Lucinda still to decide on her party piece
Despite all the publicity we are still none the wiser about the true agenda for the Reform Alliance.
Published 27/07/2014 | 02:30
The MacGill Summer School, a political talk-in (oh, how they talk!) held annually at Glenties in Co Donegal receives a great deal of news coverage. At least, that is how the coverage is described. But very little news comes out of it, and the coverage might be regarded by a cynic as being more a space-filling boon for the media in a month when the journalistic silly season is getting into full swing.
A considerable amount of space, for instance, has been devoted this week to Lucinda Creighton, the Independent TD for Dublin South East and former Junior Minister for European Affairs, who addressed the gathering on the issue of political transparency and support for "the European Dream".
What she said was fairly close to being identical to a speech she made in the Dail recently, when she accused the Taoiseach of being "ungentlemanly and scurrilous" in his remarks about what she called her "concerns for transparency and serving Ireland's national interests."
But she got coverage - plenty of it.
She was pursued by journalists, desperate for something newsworthy concerning the possibility of the Reform Alliance becoming a full political party, and launching as such.
But what Ms Creighton said in answer to the speculation was: "We are going to have to make decisions."
She's been saying that since being kicked out of Fine Gael for refusing to honour the party's pre-election manifesto on legislation for the X Case. She also said, as she has been saying for months, that people need to "start thinking about getting organised" as nobody can predict when the next general election will be.
Earth-shattering stuff, or publicity seeking posturing, depending on how you see it. But she did not even say anything as definite as the fact that the local and European elections have proved that people in Ireland do want a new political party. And they want it to be radical, not just another mix of the same whatever-you're-having-yourself. Which, so far, is all the Reform Alliance is offering.
It needs to have the courage of its own right-wing convictions, which would at least give the electorate the chance to force both Fine Gael and Fianna Fail to acknowledge, possibly even abandon, their own catch-all attempts at centre-ism; just as it would force Labour to acknowledge that Sinn Fein is attempting - and occasionally succeeding - in the theft of Labour's socialist clothes.
Even the speculation during the week in Glenties that the former Progressive Democrat minister for justice and party leader Michael McDowell might join a new Creighton-led party was not new. All that can be said for his putative addition to the mix is that he is probably rather more to the right in social terms than those already in the alliance, in contrast to the previous leaders of the PDs.
Yet in defence of the European project - presumably something which would be part of her new party's platform - Ms Creighton said she rejected the "Eurosceptic mantra" that was about to steal our rights and force us into "monocultural conformity".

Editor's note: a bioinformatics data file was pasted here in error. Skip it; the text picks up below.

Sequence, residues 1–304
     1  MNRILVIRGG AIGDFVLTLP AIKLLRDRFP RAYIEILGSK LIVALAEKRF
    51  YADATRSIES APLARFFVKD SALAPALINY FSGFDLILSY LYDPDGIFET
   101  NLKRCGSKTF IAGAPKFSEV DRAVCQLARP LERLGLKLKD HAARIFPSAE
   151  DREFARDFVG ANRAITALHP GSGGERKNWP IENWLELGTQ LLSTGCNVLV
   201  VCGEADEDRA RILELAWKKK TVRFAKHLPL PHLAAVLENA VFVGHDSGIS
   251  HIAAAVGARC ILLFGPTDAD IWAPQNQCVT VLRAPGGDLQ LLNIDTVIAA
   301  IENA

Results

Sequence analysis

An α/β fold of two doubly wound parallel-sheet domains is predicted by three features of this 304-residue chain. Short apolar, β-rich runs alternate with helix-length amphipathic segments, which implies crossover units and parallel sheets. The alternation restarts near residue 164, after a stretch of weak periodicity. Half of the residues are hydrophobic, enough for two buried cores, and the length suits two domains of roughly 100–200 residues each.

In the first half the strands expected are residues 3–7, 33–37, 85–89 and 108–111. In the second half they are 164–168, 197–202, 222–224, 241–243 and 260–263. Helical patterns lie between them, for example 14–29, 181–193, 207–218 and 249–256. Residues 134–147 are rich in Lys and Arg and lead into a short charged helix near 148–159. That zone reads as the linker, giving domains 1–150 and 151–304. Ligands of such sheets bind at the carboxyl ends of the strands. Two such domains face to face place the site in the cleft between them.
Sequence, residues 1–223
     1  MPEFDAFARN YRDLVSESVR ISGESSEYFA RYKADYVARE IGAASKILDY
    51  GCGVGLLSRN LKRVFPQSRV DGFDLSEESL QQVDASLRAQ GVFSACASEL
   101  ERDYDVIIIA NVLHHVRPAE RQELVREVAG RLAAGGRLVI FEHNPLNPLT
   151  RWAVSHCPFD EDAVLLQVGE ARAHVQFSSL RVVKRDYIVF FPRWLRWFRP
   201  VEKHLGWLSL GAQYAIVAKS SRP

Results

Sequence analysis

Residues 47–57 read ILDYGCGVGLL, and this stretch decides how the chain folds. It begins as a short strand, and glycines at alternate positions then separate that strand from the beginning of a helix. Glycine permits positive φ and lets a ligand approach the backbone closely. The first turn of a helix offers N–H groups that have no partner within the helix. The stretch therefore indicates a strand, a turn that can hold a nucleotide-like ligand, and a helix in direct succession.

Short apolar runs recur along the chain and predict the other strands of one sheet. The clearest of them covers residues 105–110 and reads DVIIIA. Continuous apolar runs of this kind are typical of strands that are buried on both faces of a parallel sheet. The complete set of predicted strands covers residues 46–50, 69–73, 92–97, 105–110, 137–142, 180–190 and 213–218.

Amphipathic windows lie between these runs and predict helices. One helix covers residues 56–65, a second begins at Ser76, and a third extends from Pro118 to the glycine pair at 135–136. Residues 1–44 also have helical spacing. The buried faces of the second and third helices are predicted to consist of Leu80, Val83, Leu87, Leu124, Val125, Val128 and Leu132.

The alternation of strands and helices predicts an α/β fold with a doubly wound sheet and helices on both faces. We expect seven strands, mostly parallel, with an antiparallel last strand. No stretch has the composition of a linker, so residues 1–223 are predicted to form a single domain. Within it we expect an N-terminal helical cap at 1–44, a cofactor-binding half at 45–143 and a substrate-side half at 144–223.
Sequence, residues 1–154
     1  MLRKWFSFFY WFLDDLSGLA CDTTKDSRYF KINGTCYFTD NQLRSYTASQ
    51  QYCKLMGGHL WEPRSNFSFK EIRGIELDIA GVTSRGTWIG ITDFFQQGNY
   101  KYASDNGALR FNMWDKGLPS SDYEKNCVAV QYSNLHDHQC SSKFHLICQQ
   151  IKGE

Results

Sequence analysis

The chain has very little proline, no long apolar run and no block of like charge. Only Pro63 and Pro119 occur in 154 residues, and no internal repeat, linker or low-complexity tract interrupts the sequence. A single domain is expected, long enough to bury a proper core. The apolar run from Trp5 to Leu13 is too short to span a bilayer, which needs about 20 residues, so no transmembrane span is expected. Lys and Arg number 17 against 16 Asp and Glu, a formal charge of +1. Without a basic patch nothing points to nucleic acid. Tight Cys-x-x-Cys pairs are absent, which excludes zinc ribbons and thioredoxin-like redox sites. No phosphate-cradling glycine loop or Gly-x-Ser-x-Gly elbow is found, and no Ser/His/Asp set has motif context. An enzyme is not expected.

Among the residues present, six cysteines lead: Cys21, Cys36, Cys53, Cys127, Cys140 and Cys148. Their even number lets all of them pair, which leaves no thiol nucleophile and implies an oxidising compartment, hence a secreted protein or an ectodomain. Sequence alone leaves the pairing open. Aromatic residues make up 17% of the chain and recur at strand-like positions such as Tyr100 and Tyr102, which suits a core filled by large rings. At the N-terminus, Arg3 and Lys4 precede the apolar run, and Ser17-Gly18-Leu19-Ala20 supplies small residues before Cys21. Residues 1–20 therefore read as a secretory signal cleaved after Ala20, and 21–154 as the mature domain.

Lady Thatcher an enthusiastic European? And lumping David Cameron into the same sentence with the mouth-foaming English nationalist Farage shows a very poor understanding of British politics from a potential leader of a national party here.
She then went on to attack "cronyism" and called for a politics that is "more honest, less cynical and more transparent". She seemed to forget that she joined Fine Gael as a student in 2000, many years prior to the Electoral Amendment (Political Funding) Act of 2012, which limits and requires declarations of political donations.
Fine Gael had debts of nearly £1.5m in 1990, a debt which cost £628,000 just to service, but when John Bruton became leader - and subsequently Taoiseach in 1994 - he and Michael Lowry, who Bruton appointed minister for enterprise, began a fund-raising drive which included a donation of £150,000 from the former supermarket boss Ben Dunne, £50,000 of which Bruton called to Dunne's home to collect in person.
And a fundraiser to "meet the new Taoiseach" in early 1994, in the Burlington Hotel was attended by 1,200 people and raised €150,000.
Such fundraising, which was later to get Fianna Fail into justified trouble, ensured Fine Gael was reputed to have had a war chest of €2.25m when it set out to fight the 2011 General Election. And Ms Creighton had been a TD in the party since 2007. There was little enough transparency around in the Fine Gael ranks during those years. But it was not the lack of it which put Ms Creighton outside its ranks.
That was down to a refusal to vote for a measure which had been part of the Fine Gael electoral manifesto. It was only when the party moved to deliver on that election promise that Ms Creighton began to have trouble with her conscience.
Yet this week she was forthright in her criticism of the Government's failure to deliver on its election promises. So it would begin to seem that what is envisaged for the new party, if it emerges, is a lot of promises to stamp out cronyism and introduce transparent politics - promised by every party since ancient Greece. Other than that, the Reform Alliance seems to be dependent on attracting a lot of people who have a vague belief in their own single issues, and if the party manifesto fails to include them, they are likely to disappear into the mist.
And the Alliance will return to an existence based on a single issue: opposition to abortion, which was how it began. Not merely will that not deliver an ideology which could change the political scene in Ireland, it is unlikely to deliver enough TDs to be able to claim speaking rights in the Dail.